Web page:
Making an impact with your travel writing
I wanted to pause for a moment and recognize Meg Ten Eyck for her recent piece Dear straight allies: Please don’t come to Pride until you’ve understood these 6 things. As I type this, there are currently more than 3,500 people reading her work, and there have been literally hundreds of thousands of people who have read this piece over the past 24 hrs.
For anyone interested in making an impact with their travel writing, you owe it to yourself to take 5 minutes and read this piece.
I also wanted to offer just a few quick lines of commentary to help deconstruct some of why this piece works so well:
a. The title addresses the reader directly, with each point further reinforcing the title. Those who dismiss listicles as somehow an ‘inferior’ form of writing should take a lesson here. It’s not the form that matters, it’s the clarity with which the narrator addresses their audience. This begins right in the title itself.
b. The narrator weaves skillfully between tightly focused, scene-driven details and broader context to he;p place the reader in the scene.
So you’ll see sequins, rainbows, parade floats and pool parties sponsored by Absolut, but understand that Pride is equal parts a celebration, a protest, and a community building event. It’s the one time a year when we can come together and be surrounded by the family we choose. Because our bodies and our identities are still policed by the government, religious groups, and even the people we love, we reserve Pride as the opportunity to express ourselves in the way that is most authentic to our community. Sometimes that’s by drunkenly singing Robyn songs at the top of our lungs and sometimes it’s by crying during the eulogy for our murdered trans sisters. We are allowed to have multiple feelings simultaneously as we celebrate our wins and mourn our losses as a community.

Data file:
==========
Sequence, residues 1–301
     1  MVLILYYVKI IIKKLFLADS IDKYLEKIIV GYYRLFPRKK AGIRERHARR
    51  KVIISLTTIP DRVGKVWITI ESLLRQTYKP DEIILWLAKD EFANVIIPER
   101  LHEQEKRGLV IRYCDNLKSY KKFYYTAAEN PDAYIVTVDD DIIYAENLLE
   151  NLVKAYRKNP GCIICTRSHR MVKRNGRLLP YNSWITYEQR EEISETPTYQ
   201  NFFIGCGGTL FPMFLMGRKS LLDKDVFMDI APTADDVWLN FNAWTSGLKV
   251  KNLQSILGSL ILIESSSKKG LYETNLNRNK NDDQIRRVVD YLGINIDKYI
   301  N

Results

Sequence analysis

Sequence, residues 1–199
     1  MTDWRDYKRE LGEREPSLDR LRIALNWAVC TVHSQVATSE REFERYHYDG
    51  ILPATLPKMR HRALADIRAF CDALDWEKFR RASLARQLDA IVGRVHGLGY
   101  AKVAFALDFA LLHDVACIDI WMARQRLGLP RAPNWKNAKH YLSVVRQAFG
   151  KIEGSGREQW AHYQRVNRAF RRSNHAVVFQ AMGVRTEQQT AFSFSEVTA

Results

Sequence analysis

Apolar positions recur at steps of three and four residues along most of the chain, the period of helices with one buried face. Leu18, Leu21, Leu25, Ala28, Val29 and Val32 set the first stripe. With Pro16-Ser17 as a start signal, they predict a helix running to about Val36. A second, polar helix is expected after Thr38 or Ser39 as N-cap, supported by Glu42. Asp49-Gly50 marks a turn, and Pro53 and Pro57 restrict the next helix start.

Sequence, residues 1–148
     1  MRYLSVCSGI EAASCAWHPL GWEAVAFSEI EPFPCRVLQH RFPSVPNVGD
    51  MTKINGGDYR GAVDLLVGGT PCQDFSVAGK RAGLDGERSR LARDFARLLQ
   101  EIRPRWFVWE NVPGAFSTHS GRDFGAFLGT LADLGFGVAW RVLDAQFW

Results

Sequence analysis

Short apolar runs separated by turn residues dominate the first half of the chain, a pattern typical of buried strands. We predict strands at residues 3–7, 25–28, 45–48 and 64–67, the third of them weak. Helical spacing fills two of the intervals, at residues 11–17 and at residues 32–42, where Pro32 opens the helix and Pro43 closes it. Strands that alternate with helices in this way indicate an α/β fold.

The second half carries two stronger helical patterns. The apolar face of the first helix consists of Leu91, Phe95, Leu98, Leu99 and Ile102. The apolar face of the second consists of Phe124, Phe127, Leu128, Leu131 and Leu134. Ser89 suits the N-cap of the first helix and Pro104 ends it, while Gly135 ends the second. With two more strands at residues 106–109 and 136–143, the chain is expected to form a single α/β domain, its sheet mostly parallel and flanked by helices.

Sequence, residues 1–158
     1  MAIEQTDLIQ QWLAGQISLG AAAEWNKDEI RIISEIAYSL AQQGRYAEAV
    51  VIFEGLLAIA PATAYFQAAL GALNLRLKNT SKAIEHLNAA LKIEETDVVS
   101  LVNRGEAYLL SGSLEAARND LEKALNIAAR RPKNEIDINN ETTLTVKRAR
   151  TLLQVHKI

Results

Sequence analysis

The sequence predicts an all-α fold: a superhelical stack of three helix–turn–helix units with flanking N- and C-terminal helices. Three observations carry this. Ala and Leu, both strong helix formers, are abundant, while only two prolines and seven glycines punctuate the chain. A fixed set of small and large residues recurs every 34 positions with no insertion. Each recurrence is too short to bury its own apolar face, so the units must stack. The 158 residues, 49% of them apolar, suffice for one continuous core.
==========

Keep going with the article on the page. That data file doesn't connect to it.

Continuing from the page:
c. The narrator isn’t afraid.
Meg’s voice in this piece is confrontational, and yet her positivity, inclusiveness, and sense of humor makes it come off without reading as preachy or combative.
<h2>6. You’re a guest in our space, act accordingly.</h2>
The important take-away here is not that LGBT people hate straight/cis folks. It’s not even about the presence of straight/cis folks at Pride in general. It’s about when straight/cis folks behave in inappropriate and culturally insensitive ways that threaten or dampen the experiences of LGBT people at events that are made for us in the first place. Straight/cis folks can go to any party and feel comfortable dancing, holding hands, and making out with their significant other (or hottie of the night) without feeling like they could be in danger because of their identity. LGBT people do not always have that luxury. If you choose to go to Pride, be a supportive observer and participate in activities, but don’t try to be the focus of the event.
That last paragraph is worth reading several times, as it’s not just a powerful message for this particular event, but for travelers in general–any “guest” in another’s space.